What is the Value of Detachment?

Recently I realized I wanted to be more aware and mindful of detaching. In pondering what might support me in this process, I came up with a few core ideas, reminders.

In case they’re helpful to you, here they are!

I am beginning to recognize that detaching sets me free to love fully, unconditionally and without reservation.

What is the Value of Detachment?

My energy is open, moving and available and at the same time, still, spacious and deeply loving.

I allow EVERYTHING to pass through.

Nothing can stick to me unless I stick to it.

I am right here, right now, loving fully without needing things to be a certain way.

So what about you? What do you notice about yourself and attachment, detachment? Post your experiences below . . .

6 comments to What is the Value of Detachment?

  • Ann Strong

    Ken, I recently read, yet again, in A Course of Love, “Nothing is what it is, but only what it is TO ME.” Indeed.

  • Ken

    Like Laura, I feel encouraged and inspired by your words. An element of detachment for me is remembering (like Werner said) that it’s all interpretation anyway so I might as well pick one I like (that feels good). When my attachments are “violated,” then I don’t like how I feel. Since I can’t change whatever happened, maybe I can change my interpretation in a way that I like how I feel. This may not resonate with others, but for me I sense a relationship with detachment and interpretation. Thanks for giving me an opening to examine this!

  • Ann Strong

    Dianne, thank you for mentioning the detached witness. I’ve not heard that before. It gives me a felt sense of being present to without being entangled with. An extremely useful distinction to me!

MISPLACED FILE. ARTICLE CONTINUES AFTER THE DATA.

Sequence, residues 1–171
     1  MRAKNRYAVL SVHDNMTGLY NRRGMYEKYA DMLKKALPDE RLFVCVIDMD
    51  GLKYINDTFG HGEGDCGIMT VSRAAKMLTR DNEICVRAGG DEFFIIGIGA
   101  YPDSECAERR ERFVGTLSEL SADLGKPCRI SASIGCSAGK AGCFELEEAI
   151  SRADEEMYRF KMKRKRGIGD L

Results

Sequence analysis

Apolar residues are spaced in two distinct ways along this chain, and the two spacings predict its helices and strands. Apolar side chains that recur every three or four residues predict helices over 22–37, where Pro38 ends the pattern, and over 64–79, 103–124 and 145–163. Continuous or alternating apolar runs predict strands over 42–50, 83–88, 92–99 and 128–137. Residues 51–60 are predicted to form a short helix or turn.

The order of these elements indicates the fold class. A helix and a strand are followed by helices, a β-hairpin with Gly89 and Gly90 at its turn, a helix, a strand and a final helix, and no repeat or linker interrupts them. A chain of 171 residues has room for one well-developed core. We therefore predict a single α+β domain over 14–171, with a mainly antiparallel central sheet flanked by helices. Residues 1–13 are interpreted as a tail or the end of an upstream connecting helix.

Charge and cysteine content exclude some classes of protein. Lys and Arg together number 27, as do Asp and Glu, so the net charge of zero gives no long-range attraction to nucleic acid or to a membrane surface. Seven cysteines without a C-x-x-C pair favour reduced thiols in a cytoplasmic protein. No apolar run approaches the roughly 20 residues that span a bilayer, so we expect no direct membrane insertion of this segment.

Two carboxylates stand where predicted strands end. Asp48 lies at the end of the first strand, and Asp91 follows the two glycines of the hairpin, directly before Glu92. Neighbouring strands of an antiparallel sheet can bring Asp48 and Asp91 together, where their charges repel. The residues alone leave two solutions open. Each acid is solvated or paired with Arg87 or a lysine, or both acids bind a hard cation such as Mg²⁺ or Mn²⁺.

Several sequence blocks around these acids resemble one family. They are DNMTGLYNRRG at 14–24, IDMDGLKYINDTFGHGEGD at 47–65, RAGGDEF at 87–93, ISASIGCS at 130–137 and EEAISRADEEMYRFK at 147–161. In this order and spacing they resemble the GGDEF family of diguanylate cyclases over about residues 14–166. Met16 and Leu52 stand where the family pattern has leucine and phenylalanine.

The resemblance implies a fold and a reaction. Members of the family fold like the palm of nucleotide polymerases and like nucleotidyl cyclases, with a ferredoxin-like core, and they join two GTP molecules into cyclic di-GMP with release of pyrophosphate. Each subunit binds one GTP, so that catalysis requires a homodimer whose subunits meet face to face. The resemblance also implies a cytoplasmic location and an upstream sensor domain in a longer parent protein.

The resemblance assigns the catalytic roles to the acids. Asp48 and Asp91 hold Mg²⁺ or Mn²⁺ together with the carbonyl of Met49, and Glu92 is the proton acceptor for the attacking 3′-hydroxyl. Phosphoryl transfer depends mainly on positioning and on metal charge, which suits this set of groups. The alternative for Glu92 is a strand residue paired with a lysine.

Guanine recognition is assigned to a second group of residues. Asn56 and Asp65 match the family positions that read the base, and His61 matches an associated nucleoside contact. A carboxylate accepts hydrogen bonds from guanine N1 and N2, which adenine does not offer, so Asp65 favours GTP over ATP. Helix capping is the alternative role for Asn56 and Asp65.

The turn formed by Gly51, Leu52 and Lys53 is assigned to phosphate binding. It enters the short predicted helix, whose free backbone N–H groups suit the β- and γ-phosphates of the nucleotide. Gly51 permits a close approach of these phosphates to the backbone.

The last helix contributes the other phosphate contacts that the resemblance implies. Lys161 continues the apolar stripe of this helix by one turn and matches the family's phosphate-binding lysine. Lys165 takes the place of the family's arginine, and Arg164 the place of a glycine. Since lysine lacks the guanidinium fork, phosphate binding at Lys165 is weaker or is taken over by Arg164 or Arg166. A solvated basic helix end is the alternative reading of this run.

• Ann Strong

    Laura, yes, please share with anyone whom you think it might serve. Thank you for mentioning the connection between detachment and love. It IS loving to detach. I’m reading in A Course of Love about being with “others” through unity rather tan “using” others. WOW. Still taking in how to access unity . . .

  • Dianne Deloren

    It seems possible to be both attached and detached at the same time. I recognize that I am very attached to the trappings of this life I’ve chosen for myself, and that it is a choice that I’ve made, which allows me to feel detached from it at another level. So if my circumstances were to change drastically tomorrow, I would be sad and probably disconcerted, but would recognize that it’s all part of how life plays out. This is the result of cultivating that thing called the detached witness, in which you practice holding yourself with loving regard and compassion as you make your way through life.

  • Thank you Ann. As always, I am encouraged and inspired by your words. This has been a week of learning and relearning this. I am going to share, if that is okay, with some friends I know as we journey together through some family situations. I realize detachment is the “loving” thing to do as I live each day trying to relinquish control of things that are out of my control. Blessings to you,

    laura padgett

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Ann Strong, founder of Strong from Within and Thriving Coaches.

Author of Thriving Work.

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